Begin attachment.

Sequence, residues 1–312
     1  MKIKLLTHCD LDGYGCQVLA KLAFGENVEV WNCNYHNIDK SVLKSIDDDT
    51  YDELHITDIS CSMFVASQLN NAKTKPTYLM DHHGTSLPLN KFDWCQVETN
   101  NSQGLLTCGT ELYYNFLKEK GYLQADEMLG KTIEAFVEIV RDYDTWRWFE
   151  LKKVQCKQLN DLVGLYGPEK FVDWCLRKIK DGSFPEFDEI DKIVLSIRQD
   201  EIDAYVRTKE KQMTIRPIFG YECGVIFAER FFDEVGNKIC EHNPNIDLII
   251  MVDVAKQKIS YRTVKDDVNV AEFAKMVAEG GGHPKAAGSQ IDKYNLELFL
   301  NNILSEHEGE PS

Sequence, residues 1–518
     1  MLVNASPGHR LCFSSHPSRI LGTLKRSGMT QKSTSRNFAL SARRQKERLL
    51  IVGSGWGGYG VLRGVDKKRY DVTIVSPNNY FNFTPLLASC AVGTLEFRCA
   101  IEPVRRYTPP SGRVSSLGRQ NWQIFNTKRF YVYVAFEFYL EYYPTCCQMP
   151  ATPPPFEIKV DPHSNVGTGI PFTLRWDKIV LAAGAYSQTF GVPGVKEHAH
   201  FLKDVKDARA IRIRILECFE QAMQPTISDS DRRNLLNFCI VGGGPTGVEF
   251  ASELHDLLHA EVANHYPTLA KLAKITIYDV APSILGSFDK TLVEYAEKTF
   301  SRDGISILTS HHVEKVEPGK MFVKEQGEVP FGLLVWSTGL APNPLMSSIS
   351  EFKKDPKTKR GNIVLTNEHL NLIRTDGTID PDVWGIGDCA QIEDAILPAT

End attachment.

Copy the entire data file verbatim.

Sequence, residues 1–312
     1  MKIKLLTHCD LDGYGCQVLA KLAFGENVEV WNCNYHNIDK SVLKSIDDDT
    51  YDELHITDIS CSMFVASQLN NAKTKPTYLM DHHGTSLPLN KFDWCQVETN
   101  NSQGLLTCGT ELYYNFLKEK GYLQADEMLG KTIEAFVEIV RDYDTWRWFE
   151  LKKVQCKQLN DLVGLYGPEK FVDWCLRKIK DGSFPEFDEI DKIVLSIRQD
   201  EIDAYVRTKE KQMTIRPIFG YECGVIFAER FFDEVGNKIC EHNPNIDLII
   251  MVDVAKQKIS YRTVKDDVNV AEFAKMVAEG GGHPKAAGSQ IDKYNLELFL
   301  NNILSEHEGE PS

Sequence, residues 1–518
     1  MLVNASPGHR LCFSSHPSRI LGTLKRSGMT QKSTSRNFAL SARRQKERLL
    51  IVGSGWGGYG VLRGVDKKRY DVTIVSPNNY FNFTPLLASC AVGTLEFRCA
   101  IEPVRRYTPP SGRVSSLGRQ NWQIFNTKRF YVYVAFEFYL EYYPTCCQMP
   151  ATPPPFEIKV DPHSNVGTGI PFTLRWDKIV LAAGAYSQTF GVPGVKEHAH
   201  FLKDVKDARA IRIRILECFE QAMQPTISDS DRRNLLNFCI VGGGPTGVEF
   251  ASELHDLLHA EVANHYPTLA KLAKITIYDV APSILGSFDK TLVEYAEKTF
   301  SRDGISILTS HHVEKVEPGK MFVKEQGEVP FGLLVWSTGL APNPLMSSIS
   351  EFKKDPKTKR GNIVLTNEHL NLIRTDGTID PDVWGIGDCA QIEDAILPAT